Since the release of the Data Gravity Index™ 1.5 in 2020, we've witnessed the explosive growth of data creation globally. In recent years, global economies transformed from physical-powered to digital-powered. And now, we are in the next phase, transforming to become ‘data-powered’ – with high density data fueling economic growth.

This explosive data growth increases Data Gravity, which means that as more data is created and shared, the speed at which we can transmit that data decreases – increasing ‘gravity’ as a result.

As businesses of all sizes innovate to create better goods, services, and customer experiences, understanding how quickly data creation and utilization grows becomes a competitive edge to plan for infrastructure and capacity needs.

Digital Realty published recent findings in the Data Gravity Index™ 2.0, derived from one billion operations against over 100 million data point across more than 190 countries and 500 metros.

The Data Gravity Index™ 2.0 forecasts that global enterprise data creation will reach 1.2 million exabytes in the next three years. Ninety-three percent of this data will be created outside of the public cloud.

DR 1
– Digital Realty

The growth of data among public cloud and private data centers represents a significant shift in how data is created, processed, stored, and exchanged. To keep up, enterprises must build a data-centric architecture to seize the $100+ trillion opportunity at hand.

Additionally, there are three key insights from the Data Gravity Index™ 2.0 that business leaders should takeaway:

1) As trade flows, data flows

Since its inception, the global economy has depended on the physical movement of people, goods, and services across geographic regions. We saw the evolution of the physical economy to a digital economy with the advancement of digital transformation.

DR 2
– Digital Realty

And now, the data economy stems from the abundance of data created from digital interactions. The physical locations at the center of trade are also now the centers of enterprise data creation, processing, and exchange.

Enterprise data creation and Data Gravity are correlated with gross domestic product (GDP). As the GDP of a location rises, so does its data. The correlation between GDP growth and Data Gravity means multinational companies should establish a new architecture that puts data at the center. This new architecture brings the system to the user.

2) Secular trends drive data exchange

According to the Data Gravity Index™ 2.0, 1.2 million exabytes of incremental enterprise data will be created in the next three years, most of which happening outside of the public cloud.

Major population centers create and exchange the most data. As a result, this is where Data Gravity grows the fastest. Three macro trends centralized in metropolitan areas drive the propagation of Data Gravity, they include:

  • Mergers and acquisitions
  • Data regulations
  • Maturity of digital technology adoption

According to McKinsey, “companies with flexible, adaptive architectural platforms are less likely to experience post-merger integration difficulties.” However, mergers and acquisitions increase digital workflows that propagate Data Gravity. And, as Data Gravity increases, special consideration should be given to how infrastructure and data sets are deployed and connected.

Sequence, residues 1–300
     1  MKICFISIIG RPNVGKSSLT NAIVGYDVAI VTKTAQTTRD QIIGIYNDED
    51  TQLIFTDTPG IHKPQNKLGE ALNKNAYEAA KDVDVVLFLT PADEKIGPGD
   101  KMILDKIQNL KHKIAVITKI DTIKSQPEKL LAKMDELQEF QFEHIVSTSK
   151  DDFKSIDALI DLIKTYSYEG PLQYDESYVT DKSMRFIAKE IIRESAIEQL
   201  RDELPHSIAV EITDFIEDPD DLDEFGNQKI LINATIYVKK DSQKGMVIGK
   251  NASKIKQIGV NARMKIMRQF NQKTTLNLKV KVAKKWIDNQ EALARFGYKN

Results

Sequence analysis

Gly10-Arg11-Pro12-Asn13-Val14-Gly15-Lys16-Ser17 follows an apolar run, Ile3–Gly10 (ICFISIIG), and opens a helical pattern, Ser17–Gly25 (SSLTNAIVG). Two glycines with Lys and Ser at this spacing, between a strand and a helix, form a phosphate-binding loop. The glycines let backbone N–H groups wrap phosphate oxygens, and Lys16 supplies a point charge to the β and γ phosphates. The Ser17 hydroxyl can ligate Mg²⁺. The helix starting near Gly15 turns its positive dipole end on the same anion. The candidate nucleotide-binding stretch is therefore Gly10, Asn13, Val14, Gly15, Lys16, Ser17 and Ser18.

Data sovereignty, residency, and regulation requirements around the globe also drive Data Gravity's increase. In North America; Europe, Middle East, and Africa (EMEA); and Asia Pacific (APAC), Data Gravity intensity grows in all environments, mirroring the global increase. APAC leads the way in Data Gravity growth, with 461K exabytes created in the next three years.

In all three regions, 90 percent or more of data processing and usage will exist outside of the public cloud.

– Digital Realty

Enterprises located in major population centers lead innovation with their use of analytics, Artificial Intelligence (AI), and Big Data initiatives. To accommodate the data economy-led world, enterprises must be proactive in their capacity, deployment, and connectivity plans.

3) As data grows, infrastructure capacity grows

Multi-cloud and hybrid cloud adoption is becoming more common, which is contributing to the rise of Data Gravity.

According to the Data Gravity Index™ 2.0, 243 million incremental storage devices, evenly split between public and private on-premises storage, will be required to address enterprise Data Gravity. These storage devices must be cloud adjacent, as growth will occur between the cloud and the Edge.

– Digital Realty

In enterprise compute, data processing is going to occur outside of the public cloud and require 15.3 million incremental servers in the next three years.

This is significant capacity growth all around the world that impacts how business leaders think about and plan for their infrastructure capacity to accommodate data-intensive industries. Companies that capitalize on new product growth and profitability around data-first strategies will win.

It's time to prioritize ‘data first’ architecture

In today's data-driven landscape, businesses face the impact of Data Gravity head on. As they adopt data-centric approaches and calibrate their capacities, they strive to stay ahead in an interconnected world where data is at the core of every decision.

To dive deeper into Data Gravity insights and forecasts, download the Data Gravity Index™ 2.0 today.